Enhanced proprioceptive feedback strengthens synergistic muscle groups and stabilizes the coordination of limbs, thus contributing to the movement efficiency of ballet dancers. The present study compared lower-limb proprioceptive awareness in professional ballet dancers to matched controls who had no dance training. Two assessment methods were used to test the hypothesis that ballet dancers would demonstrate increased proprioceptive awareness in the ankle, knee, and hip: 1. a joint-position matching task to assess static proprioceptive joint awareness, and 2. an eyes-closed, quiet standing task to assess both static and dynamic proprioceptive awareness through measures of center of pressure (COP) variability. Results of the matching task indicated that the dancers exhibited greater proprioceptive awareness than controls for all three joints (p < 0.001). Also, dancers were equally aware of the positioning of their ankle, knee, and hip joints (p > 0.05), whereas controls were less aware of their ankle position compared to their knee and hip joints (p < 0.001). Measures indexing COP variability during quiet standing did not differ between groups and thus failed to reflect increased proprioceptive awareness in dancers (all p > 0.05). This indicates that quiet stance may have limited value as a means for evaluating proprioception. These findings provide preliminary evidence that enhanced proprioceptive awareness of lower limb joints should be considered as an evaluative criterion for dancers' ability to learn complex ballet skills. They also indicate that quiet standing tasks may not provide sufficient challenge for dancers' enhanced proprioceptive awareness to manifest.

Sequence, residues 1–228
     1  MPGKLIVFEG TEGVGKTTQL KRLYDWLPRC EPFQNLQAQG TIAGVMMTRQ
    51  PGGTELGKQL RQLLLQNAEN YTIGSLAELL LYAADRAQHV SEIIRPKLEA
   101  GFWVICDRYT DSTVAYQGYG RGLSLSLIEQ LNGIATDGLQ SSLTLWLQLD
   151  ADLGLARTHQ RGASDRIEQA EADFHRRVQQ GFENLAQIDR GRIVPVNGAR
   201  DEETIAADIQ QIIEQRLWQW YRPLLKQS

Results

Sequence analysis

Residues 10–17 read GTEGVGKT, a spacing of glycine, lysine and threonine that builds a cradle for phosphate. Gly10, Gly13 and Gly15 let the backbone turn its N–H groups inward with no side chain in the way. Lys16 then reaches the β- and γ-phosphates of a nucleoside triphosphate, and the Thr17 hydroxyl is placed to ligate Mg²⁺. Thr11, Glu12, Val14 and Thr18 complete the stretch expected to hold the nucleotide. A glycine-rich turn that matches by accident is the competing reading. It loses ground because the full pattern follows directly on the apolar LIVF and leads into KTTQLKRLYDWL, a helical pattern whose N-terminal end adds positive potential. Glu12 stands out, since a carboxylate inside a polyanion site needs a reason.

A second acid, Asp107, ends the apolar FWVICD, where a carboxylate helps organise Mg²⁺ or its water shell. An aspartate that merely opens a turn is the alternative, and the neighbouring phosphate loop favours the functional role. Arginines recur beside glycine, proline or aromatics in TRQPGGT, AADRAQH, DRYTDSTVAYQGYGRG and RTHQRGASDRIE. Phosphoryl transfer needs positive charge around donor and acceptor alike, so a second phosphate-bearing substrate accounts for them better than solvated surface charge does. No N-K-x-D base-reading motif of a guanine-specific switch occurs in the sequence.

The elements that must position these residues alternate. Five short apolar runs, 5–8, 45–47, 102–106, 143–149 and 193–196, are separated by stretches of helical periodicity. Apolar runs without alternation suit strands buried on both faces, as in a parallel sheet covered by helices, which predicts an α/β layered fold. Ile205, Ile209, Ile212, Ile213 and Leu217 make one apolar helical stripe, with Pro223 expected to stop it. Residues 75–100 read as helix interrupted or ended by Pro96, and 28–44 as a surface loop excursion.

|Original language||English (US)|
|Number of pages||7|
|Journal||Journal of dance medicine & science : official publication of the International Association for Dance Medicine & Science|
|State||Published - Sep 1 2013|
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